Review- Albert the Great: The Albert Pujols Story

Reviewing another new book from Rob Rains.

By now, every baseball fan knows his name. His fame has spread far and wide. In just four years in the major leagues, Jose Alberto Pujols has accomplished more than every player who preceded him in the game other than Hall of Famers Ted Williams and Joe DiMaggio.

Yet, just as Pujols is singly-focused on the field, off it he remains a humble man, willing to give his time and energy to those less fortunate than he.

The celebration of all things Pujols is brought to us in a new book by best-selling author Rob Rains. "Albert the Great: The Albert Pujols Story" focuses on the past ten years. During that period, Pujols progressed from a just-arrived-in-America high schooler to a junior college player, to a minor league star, to a surprising major league rookie, to arguably, the best hitter in the game today.

Rains tells the story at each step of the way, with many unknown anecdotes, in the book's 128 glossy pages. But, in my view, the stars of this 8-1/2" x 11" book are the dozens of color photos of the Great Pujols in action, from his minor league days to the current time and every stop in between, including a generous helping from the 2004 championship season.

Among the gems is Pujols telling the story of how and why he almost quit the game after being selected in the 13th round of the 1999 amateur draft. At each stop along the road, the reader learns more and more about the determination and drive that helps set Pujols apart as a player, as told by peers, coaches, scouts, broadcasters and many others. After a while, they seem to run out of new superlatives to offer. Pujols really is that good.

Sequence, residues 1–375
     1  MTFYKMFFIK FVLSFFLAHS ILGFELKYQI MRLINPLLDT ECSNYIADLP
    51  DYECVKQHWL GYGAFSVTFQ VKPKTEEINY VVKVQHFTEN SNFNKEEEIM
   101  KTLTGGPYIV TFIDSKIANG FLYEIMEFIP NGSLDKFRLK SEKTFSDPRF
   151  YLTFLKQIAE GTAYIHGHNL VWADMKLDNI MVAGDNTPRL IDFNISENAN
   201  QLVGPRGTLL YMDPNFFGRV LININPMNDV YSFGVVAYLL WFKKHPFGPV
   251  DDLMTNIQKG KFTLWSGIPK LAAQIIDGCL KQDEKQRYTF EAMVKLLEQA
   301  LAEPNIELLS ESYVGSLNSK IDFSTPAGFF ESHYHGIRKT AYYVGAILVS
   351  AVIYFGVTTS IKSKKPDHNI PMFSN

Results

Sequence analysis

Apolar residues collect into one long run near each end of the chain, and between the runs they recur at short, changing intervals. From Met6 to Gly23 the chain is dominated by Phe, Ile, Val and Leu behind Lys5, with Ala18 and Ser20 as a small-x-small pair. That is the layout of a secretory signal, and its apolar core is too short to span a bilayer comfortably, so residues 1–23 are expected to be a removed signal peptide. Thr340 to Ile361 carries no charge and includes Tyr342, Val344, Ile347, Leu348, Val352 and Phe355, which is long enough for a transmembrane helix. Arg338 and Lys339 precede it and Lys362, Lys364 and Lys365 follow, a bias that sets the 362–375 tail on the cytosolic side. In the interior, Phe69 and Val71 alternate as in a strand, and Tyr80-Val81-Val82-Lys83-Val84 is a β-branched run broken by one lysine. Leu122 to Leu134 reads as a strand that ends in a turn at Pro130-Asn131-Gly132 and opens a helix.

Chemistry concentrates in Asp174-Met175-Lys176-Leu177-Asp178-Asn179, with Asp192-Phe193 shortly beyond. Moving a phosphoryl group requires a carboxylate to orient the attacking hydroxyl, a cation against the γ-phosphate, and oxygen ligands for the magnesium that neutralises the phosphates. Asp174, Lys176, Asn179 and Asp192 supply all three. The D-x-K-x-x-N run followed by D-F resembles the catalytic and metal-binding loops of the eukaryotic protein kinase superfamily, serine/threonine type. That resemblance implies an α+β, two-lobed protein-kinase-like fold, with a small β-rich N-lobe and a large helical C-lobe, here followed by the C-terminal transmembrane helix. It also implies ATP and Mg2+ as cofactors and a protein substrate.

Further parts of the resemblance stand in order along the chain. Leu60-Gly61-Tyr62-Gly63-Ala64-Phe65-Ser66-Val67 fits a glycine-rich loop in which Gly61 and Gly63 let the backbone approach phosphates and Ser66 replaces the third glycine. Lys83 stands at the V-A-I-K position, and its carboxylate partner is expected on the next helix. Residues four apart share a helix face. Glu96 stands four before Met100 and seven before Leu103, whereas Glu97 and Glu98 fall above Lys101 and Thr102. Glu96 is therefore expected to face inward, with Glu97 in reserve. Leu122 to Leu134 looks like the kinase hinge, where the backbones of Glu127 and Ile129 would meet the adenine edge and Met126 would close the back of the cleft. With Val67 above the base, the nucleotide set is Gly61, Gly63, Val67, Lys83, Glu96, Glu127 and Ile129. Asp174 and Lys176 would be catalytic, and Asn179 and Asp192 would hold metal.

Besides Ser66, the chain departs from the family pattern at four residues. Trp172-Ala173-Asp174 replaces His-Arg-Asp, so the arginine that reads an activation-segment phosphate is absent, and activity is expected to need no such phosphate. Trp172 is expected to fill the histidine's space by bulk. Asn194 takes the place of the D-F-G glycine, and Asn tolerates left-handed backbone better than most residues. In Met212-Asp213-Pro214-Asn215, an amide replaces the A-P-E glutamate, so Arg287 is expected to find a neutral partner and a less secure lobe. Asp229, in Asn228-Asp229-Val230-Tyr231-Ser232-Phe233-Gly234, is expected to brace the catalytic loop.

There is also a chapter about Pujols' charity efforts, both in his native Dominican Republic and in fighting Down Syndrome as well as a reminder of how important Albert's faith is to him. (As an aside, learn more at Pujols' website,

The final section of the book is devoted to a thorough record of Pujols' career hitting statistics, including details of every home run as well as Pujols' standings in various lists of major league career-bests.

About the only unmet wish I had after reading this book was to learn even more than was offered about Pujols' childhood in the Dominican Republic. Perhaps I was hoping those details would extinguish the nagging question about Pujols' age that has never entirely been resolved. Instead, the book inadvertently increased my curiosity level. After all, more than one coach and scout who had observed the young Pujols was quoted in the book in awe of his status as a "man playing among boys".

But, really my only concern is that this book, like Pujols' career, has to be considered a work in progress. We have to assume that if Rains will need to write a new volume of Albert the Great every four years, that there could be three or more installments coming down the road of what most have to assume will be a Hall-of-Fame career.

For just $19.95 in hardcover form, "Albert the Great: The Albert Pujols Story" should have a prominent place on the coffee table of every Cardinals fan.

About the author
Rob Rains has been writing about baseball and the St. Louis Cardinals for the past 25 years. A former beat writer covering the Cardinals for the St. Louis Globe-Democrat, Rains also spent five years as the National League beat writer for USA Today Baseball Weekly. Currently a free-lance writer and author, Rains also is an adjunct professor at Webster University and co-hosts a baseball talk show on KMOX Radio in St. Louis. He is the author of 23 books, including 12 on the Cardinals. Among his books are a biography of Mark McGwire which reached The New York Times' bestseller list in 1998. Rains lives in St. Louis with his wife Sally and sons B.J. and Mike.

To buy the book
Rains' books are available from your local independent bookstore, the major chains such as Borders and Barnes and Noble and from the publisher,

Meet the author
To meet Rains and former pitcher Ken Dailey, head out to the Borders in Ballwin at 1 pm Saturday. You can also get your book signed.

Brian Walton can be reached via email at

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